In 1994 City of Tempe and City of Phoenix came to an agreement on noise mitigation flight procedures for all jets and large commercial turbo propeller aircraft that depart from and arrive at Phoenix Sky Harbor International Airport over Tempe. In the Intergovernmental Agreement(IGA), City of Tempe agreed not to oppose the construction of a new third runway in return for noise mitigation flight procedures and the installation of a Noise and Flight Track Monitoring System at the airport.
With the agreement, the City of Tempe received a binding commitment from the City of Phoenix and assurances from the Federal Aviation Administration that commercial aircraft operations close to the airport would be restricted to the airspace over the Salt River riverbed in Tempe. This designated flyway is designed to limit the noise impact of arriving and departing aircraft on the adjacent Tempe neighborhoods.
The "4-DME" procedure, or "One-DME" prior to the VORTAC move
The "side-step" procedure
1. The 4-DME procedure:
When jets and large turbo propeller aircraft* depart to the east from any runway, they are directed to follow specific headings outbound over the Salt River for a distance of 4 nautical miles, east of a navigational aid (VORTAC), before continuing on the designated departure route.
*The 4-DME procedures was not implemented for large turboprop aircraft.
2. The side-step procedure:
When jets and large turbo propeller aircraft bound for the south runway are approaching from the east, they are to be on a stabilized approach path to the center runway, and have clearance by Air Traffic Control to change over to the south runway (25L) approach when alongside the Sun Devil Stadium at Mill Avenue. The maneuver to change approach course and line the aircraft up with the centerline of an adjacent parallel runway is called to "side-step".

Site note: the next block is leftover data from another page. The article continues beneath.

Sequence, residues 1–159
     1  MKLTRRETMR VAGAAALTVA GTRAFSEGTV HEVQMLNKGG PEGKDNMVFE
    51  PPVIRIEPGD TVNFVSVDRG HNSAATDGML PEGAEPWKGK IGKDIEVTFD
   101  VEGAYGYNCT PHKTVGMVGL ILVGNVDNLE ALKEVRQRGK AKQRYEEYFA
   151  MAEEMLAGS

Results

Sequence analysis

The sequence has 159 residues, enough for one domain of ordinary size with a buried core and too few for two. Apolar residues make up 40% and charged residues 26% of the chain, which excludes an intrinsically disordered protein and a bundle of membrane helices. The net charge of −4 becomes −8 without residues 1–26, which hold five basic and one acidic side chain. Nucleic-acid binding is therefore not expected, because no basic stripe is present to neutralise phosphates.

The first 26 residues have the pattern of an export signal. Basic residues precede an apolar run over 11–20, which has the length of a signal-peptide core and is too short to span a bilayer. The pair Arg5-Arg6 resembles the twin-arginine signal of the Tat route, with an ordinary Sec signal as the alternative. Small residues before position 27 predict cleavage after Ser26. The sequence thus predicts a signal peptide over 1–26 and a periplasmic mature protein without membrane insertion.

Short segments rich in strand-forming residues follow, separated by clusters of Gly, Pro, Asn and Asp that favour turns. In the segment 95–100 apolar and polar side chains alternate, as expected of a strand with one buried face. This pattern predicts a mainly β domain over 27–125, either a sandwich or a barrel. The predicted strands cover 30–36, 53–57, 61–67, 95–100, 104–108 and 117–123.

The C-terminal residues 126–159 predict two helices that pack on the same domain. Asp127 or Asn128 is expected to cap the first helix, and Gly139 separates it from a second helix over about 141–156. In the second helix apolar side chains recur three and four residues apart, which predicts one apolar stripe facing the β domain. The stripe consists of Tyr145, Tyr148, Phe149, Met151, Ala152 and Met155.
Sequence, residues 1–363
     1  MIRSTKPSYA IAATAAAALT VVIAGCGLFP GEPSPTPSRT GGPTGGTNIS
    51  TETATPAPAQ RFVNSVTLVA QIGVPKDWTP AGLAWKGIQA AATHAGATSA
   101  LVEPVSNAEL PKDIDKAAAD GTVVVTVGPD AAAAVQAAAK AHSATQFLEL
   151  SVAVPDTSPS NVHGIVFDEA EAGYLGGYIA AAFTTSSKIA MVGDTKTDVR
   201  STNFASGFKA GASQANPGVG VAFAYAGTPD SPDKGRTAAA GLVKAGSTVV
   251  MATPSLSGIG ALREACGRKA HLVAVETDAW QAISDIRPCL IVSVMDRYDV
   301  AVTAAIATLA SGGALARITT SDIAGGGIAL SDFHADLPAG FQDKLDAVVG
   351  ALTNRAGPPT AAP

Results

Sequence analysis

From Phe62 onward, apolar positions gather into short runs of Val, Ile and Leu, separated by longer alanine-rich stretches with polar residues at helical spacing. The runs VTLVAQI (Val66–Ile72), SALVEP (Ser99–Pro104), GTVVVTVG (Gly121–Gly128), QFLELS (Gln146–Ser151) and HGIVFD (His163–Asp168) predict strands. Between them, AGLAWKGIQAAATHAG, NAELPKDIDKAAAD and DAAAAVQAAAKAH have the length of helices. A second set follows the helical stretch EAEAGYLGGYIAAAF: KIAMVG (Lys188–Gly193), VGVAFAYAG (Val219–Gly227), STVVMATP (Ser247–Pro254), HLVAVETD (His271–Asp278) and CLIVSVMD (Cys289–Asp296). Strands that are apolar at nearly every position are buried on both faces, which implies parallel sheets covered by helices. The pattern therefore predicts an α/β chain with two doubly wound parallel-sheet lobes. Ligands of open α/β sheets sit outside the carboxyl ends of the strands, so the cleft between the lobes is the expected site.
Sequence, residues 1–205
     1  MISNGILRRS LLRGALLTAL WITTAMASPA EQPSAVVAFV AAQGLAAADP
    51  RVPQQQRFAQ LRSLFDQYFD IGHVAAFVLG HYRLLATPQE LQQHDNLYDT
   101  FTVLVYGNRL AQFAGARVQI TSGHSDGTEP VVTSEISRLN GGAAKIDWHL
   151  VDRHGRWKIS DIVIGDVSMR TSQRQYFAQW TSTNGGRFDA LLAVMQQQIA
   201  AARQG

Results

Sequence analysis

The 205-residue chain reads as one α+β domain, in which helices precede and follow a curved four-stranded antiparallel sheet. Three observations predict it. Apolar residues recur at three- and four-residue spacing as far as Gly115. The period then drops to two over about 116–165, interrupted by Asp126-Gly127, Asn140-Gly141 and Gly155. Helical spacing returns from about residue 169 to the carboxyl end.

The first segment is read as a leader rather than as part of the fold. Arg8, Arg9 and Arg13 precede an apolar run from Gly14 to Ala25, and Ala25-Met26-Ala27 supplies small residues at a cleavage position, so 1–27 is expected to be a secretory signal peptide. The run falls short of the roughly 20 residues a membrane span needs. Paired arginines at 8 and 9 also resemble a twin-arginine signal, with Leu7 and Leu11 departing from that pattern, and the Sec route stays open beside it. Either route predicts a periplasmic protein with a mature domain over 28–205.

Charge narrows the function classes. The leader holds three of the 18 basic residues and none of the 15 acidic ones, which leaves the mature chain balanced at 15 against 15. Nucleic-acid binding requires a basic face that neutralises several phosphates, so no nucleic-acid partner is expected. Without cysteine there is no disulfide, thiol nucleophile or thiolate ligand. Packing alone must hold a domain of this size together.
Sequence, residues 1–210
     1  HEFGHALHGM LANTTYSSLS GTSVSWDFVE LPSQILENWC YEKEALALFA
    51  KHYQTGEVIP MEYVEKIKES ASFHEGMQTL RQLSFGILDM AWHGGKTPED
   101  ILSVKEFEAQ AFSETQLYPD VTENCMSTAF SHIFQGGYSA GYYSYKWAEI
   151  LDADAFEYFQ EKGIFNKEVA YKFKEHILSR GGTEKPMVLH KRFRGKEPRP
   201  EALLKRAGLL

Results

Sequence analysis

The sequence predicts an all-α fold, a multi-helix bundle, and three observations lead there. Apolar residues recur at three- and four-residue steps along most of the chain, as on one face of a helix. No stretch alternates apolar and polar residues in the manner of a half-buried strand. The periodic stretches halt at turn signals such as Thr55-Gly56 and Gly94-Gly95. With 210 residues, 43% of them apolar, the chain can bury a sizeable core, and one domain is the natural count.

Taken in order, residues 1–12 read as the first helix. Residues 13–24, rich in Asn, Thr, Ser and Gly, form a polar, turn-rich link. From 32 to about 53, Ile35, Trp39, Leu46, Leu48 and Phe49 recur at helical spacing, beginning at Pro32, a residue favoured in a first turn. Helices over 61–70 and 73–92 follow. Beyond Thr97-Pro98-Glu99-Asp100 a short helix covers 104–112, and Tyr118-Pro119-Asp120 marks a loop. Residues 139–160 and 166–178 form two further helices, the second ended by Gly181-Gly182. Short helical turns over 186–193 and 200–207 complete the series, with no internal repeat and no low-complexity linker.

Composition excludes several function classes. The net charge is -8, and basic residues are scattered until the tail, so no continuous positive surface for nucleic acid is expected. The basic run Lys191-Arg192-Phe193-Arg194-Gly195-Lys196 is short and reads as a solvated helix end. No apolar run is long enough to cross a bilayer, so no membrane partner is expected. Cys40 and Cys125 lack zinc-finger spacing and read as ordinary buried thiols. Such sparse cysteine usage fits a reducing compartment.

The FAA implemented an informal side-step procedure when the new south runway was opened up for commercial air traffic, but the practice and the attempt to formalize the procedure was suspended by the FAA on March 27, 2002.
To the extent possible over the year, noise impact of departing eastbound and westbound jets and large turbo propeller aircraft would be dispersed evenly between Phoenix and Tempe during day and nighttime hours.
Oversight and Supervision:
The IGA includes provisions for the City of Phoenix to develop, install, and operate a Noise and Flight Track Monitoring System. This system makes it possible to monitor how well airlines keep to the agreed procedures and avoid flying over noise sensitive areas in Tempe on the north and south sides of the riverbed just east of the Phoenix Sky Harbor International Airport. The City of Phoenix is responsible for giving written notifications to owners or operators of aircraft that do not comply with the flight procedures.